The Problem with Not Calling it a Climate Crisis

The Problem with Not Using the Term Crisis in Relation to Current Human-induced Changes to the Global Climate

By Arden Henley

Through my work with the Green Technology Education Centre I have the good fortune to relate across many sectors of our society from activists to academics. Across this spectrum I have found that there is still a reluctance in some quarters to describe current levels of human-induced changes to the climate as a crisis. The concern is that the term crisis is subjective, alarmist and prone to evoking distress, as well as associated with political activism.

Puzzling over this experience had me turning to my trusty Shorter Oxford English Dictionary to find out just what crisis actually means. I found the following:


[ORIGIN Medical Latin from the Greek krisis decision, judgement, event, issue, turning point of a disease from krinerin decide]

1. The turning point of a disease
2. Astrology. A conjunction of the planets determining the issue of a disease or a critical point in the course of events.
3. A turning point, a vitally important or decisive stage, a time of trouble, danger or suspense in politics, commerce etc.
4. A judgement, a decision
5. A criterion: a token

Outside the medical world, the definition in common use is 3.

If we set the term, crisis along side the most favoured competing descriptor, climate change, crisis is clearly a closer match with the scientific evidence, as we know it, and our experience of the cascading worldwide impacts of human-induced changes to the climate such as heat domes, fires, drought, atmospheric rain and flooding.

The latest communiques from scientists urge humanity to understand that there is a narrowing window in time, many say to 2030, to significantly curtail carbon emissions in order to limit the average temperature increase on the planet to 1.5 to 2 degrees Celsius. Moreover, by 2050, zero carbon emissions are imperative.

A failure on humanity’s part to reach these goals will result in dire consequences such as large areas of the Earth becoming uninhabitable, unprecedented migrations of peoples, massive wildlife extinctions and loss of bio-diversity, food and water shortages and more frequent and costly extreme weather events. All of these consequences are likely to effect various forms of social, economic and political collapse. At this point, a concerted global effort can mitigate, but not entirely obviate these consequences.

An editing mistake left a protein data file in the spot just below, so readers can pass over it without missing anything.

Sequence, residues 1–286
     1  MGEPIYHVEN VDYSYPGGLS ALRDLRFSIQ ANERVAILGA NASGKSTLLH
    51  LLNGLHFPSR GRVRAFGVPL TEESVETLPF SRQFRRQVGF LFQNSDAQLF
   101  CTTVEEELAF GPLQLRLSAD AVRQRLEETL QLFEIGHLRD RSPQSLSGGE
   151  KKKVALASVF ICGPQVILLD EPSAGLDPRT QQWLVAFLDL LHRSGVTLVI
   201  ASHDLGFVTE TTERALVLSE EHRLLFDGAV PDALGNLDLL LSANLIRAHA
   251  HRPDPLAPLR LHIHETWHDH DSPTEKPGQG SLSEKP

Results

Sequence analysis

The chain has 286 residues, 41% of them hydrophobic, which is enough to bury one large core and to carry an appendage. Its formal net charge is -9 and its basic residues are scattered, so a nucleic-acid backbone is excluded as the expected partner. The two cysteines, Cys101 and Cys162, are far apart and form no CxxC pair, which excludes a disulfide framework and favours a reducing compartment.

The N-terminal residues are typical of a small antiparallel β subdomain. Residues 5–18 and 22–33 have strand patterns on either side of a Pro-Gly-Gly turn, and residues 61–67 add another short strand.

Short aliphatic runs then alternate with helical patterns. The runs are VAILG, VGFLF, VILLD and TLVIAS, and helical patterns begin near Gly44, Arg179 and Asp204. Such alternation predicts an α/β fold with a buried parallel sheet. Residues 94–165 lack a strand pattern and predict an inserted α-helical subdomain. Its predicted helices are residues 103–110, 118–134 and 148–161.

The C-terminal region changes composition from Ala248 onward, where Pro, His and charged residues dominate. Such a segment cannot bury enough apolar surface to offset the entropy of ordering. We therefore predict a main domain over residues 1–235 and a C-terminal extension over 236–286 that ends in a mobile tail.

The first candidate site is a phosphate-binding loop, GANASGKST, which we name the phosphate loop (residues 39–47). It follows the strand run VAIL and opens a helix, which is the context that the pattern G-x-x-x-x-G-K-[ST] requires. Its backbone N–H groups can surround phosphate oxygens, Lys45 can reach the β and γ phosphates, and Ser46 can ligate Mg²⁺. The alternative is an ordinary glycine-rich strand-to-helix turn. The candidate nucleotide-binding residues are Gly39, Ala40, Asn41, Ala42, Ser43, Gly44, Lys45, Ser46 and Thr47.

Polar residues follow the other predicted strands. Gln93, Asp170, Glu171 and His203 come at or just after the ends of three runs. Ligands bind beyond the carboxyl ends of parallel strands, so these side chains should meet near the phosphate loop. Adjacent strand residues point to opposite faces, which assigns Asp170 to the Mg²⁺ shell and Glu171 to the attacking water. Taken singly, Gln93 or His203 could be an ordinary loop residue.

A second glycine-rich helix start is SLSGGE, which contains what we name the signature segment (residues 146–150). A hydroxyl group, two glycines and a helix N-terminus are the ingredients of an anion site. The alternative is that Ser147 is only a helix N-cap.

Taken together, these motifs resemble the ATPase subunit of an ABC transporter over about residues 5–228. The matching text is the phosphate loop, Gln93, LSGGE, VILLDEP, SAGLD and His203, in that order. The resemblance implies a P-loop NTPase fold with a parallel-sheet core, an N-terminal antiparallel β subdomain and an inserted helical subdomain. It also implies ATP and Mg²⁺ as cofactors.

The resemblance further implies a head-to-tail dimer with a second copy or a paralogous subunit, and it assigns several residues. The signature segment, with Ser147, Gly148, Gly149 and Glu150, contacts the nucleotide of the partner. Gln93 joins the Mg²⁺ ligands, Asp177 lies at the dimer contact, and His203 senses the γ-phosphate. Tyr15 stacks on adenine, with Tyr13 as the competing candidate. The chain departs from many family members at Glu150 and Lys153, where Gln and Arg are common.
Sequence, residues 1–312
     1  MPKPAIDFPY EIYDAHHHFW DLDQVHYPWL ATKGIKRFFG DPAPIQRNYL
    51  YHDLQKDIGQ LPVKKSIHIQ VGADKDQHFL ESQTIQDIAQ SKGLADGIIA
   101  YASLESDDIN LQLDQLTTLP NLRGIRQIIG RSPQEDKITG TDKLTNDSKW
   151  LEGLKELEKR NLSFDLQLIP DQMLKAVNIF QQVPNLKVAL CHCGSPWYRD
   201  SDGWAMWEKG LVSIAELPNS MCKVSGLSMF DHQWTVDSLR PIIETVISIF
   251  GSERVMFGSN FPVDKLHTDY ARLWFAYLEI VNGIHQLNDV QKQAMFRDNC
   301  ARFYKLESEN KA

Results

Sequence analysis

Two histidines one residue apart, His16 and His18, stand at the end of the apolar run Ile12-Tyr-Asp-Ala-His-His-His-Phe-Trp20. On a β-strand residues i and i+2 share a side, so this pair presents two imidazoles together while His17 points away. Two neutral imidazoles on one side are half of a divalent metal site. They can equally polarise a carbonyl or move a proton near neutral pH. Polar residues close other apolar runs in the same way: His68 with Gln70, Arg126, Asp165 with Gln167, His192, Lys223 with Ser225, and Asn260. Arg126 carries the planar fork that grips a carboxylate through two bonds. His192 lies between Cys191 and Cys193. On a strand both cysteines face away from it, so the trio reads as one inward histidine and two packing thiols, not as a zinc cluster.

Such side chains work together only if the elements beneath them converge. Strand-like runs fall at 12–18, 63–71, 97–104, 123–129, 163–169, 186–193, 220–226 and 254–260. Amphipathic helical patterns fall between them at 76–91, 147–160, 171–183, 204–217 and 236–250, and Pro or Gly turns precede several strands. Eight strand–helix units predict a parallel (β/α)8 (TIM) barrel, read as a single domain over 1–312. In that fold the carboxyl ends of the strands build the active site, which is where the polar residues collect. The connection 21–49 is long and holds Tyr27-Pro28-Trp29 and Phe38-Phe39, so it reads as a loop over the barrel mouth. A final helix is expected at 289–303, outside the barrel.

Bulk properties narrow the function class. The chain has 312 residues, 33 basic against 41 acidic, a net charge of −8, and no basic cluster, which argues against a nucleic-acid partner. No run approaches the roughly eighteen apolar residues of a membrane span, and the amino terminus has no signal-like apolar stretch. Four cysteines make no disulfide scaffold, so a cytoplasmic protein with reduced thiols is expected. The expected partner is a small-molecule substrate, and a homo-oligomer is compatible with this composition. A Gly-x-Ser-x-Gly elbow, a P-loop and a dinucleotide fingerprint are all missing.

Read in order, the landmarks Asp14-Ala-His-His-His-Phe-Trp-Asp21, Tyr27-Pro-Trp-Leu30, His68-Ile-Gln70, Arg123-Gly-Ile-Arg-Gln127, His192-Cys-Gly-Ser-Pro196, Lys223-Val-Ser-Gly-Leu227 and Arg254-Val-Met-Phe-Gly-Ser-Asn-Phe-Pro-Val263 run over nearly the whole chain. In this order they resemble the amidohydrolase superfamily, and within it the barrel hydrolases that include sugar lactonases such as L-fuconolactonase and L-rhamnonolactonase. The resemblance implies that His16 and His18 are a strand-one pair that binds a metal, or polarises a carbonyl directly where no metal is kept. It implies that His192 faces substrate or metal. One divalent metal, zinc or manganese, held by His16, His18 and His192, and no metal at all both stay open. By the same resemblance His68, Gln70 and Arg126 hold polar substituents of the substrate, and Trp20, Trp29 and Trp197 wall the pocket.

The most recent IPCC report also cites the growing impact on mental health for the first time. Relating the impacts outlined above to the contexts of social, emotional well-being and mental health, both the experience of these impacts and an awareness of what is possible in the future have resulted in widespread distress.

This distress is especially among younger members of the population who, understandably, feel their futures are in jeopardy. Their distress does not relate to facing changing climate conditions in and of themselves, but to the existential threat posed by these changes should humanity fail to respond. The latest research suggests that distress among young people is tied directly to the perception that society’s response, thus far, is incremental and insufficient. Young people know that we are at a turning point and must act decisively as the definition of the term crisis conveys.

Persisting in not using the term crisis and in using less precise terms such as climate change risks being seen as minimizing the reality that we face. Though this reality is distressing, it’s critical nature can be mobilizing. Human beings have a tremendous capacity to collaborate and respond in critical situations.

Part of the work those in health related fields face is to use our scientific acumen in new and innovative ways to design, research and refine supports and community building that assure the distress evoked by acknowledging this crisis are generative, rather than immobilizing. Young people across the globe are already showing that this is possible.